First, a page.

Predicting edible mushroom productivity using forest carbon allocation modeling and immunoassays of ectomycorrhizae

The Cryptic Realm

Of the NPP allocated belowground, the proportion allocated to large structural roots is about 25% of the NPP allocated to stem wood. The remainder is available for fine roots and mycorrhizae. Although carbon allocation patterns are relatively well known for most structural and functional components of tree growth and metabolism, the allocation and use of NPP among fine roots and mycorrhizae is not yet well quantified. Likewise we have little information about how EM fungi compete for arboreal carbohydrates or how various species of EM fungi allocate acquired carbon to growth, metabolism, function, or the production of sporocarps. Because so little quantitative information exists about carbon allocation in this realm, we start with two simplifying assumptions:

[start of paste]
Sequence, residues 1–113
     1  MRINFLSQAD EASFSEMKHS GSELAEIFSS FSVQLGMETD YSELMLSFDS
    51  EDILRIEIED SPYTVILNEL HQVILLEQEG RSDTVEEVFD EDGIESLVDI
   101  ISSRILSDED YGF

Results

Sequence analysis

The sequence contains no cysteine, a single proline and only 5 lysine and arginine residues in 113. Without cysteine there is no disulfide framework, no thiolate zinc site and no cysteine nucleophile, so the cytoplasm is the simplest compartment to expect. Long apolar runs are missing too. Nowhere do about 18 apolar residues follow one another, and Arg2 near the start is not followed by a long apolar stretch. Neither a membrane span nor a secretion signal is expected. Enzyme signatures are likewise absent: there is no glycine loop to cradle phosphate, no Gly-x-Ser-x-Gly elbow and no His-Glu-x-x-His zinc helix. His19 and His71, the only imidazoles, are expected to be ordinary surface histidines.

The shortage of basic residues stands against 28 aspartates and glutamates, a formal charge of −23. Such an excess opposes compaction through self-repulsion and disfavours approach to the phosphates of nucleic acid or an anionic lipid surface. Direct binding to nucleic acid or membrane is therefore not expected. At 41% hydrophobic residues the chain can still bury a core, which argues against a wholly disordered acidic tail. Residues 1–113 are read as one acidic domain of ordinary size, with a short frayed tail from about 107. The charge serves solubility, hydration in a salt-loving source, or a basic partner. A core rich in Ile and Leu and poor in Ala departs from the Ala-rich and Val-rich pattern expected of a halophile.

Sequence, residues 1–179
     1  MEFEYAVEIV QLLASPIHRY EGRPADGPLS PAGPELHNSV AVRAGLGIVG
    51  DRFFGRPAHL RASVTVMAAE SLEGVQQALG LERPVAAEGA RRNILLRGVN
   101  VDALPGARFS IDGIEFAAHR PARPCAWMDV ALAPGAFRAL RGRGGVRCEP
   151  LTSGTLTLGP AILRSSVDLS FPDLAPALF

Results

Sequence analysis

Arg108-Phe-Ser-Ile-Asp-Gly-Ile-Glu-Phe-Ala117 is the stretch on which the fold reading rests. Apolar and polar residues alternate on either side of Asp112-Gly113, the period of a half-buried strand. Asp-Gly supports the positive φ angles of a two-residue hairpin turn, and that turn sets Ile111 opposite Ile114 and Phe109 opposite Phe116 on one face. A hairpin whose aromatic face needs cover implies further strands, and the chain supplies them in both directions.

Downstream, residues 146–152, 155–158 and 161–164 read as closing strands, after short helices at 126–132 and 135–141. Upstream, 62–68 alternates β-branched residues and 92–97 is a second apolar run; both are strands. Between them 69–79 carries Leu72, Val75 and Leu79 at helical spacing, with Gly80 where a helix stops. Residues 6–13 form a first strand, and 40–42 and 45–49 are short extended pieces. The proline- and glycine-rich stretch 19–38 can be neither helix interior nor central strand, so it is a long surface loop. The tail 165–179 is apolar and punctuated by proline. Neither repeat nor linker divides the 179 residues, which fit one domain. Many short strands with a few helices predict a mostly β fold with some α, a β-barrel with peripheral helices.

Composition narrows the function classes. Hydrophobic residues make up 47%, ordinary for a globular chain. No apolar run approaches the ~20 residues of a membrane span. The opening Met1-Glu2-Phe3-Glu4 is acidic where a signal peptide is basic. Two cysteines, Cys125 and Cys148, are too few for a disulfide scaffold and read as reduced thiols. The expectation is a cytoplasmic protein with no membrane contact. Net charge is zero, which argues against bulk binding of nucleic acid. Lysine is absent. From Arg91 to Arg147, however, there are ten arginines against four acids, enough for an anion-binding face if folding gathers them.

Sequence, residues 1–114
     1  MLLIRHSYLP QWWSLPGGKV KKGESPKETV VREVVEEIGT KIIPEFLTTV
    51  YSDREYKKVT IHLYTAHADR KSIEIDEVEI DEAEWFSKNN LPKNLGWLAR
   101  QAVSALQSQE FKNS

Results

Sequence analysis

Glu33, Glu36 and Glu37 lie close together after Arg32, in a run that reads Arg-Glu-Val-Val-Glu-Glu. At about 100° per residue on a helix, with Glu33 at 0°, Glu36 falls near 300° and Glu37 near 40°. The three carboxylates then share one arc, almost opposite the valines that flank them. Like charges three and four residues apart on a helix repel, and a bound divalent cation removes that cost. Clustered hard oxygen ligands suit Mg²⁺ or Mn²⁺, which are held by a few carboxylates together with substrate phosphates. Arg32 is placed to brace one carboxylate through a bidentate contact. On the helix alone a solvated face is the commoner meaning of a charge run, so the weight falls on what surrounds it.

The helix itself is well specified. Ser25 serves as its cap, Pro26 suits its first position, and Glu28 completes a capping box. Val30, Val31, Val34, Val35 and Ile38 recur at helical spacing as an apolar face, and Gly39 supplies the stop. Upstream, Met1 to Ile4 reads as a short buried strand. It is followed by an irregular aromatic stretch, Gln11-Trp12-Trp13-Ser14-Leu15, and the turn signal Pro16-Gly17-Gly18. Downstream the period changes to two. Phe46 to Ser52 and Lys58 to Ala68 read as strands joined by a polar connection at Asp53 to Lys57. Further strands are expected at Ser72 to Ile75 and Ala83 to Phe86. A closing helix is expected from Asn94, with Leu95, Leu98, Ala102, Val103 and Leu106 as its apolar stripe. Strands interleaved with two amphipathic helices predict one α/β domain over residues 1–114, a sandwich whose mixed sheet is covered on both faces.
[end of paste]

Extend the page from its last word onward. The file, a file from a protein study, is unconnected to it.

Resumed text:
1. The amount of carbon each EM species obtains from trees in the stand will be correlated with site occupancy of that EM species
  2. Site occupancy will be correlated with average site productivity for each EM species.

    Although we expect these correlations to be robust, we also expect parameter values for the correlations to vary between fungus species.             



 Cantharellus cibarius/Pinus sylvestris ectomycorrhizae
(Photograph by Eric Danell)

 Tricholoma magnivelare/Pinus contorta ectomycorrhizae
(Photograph by Charles Lefevre)


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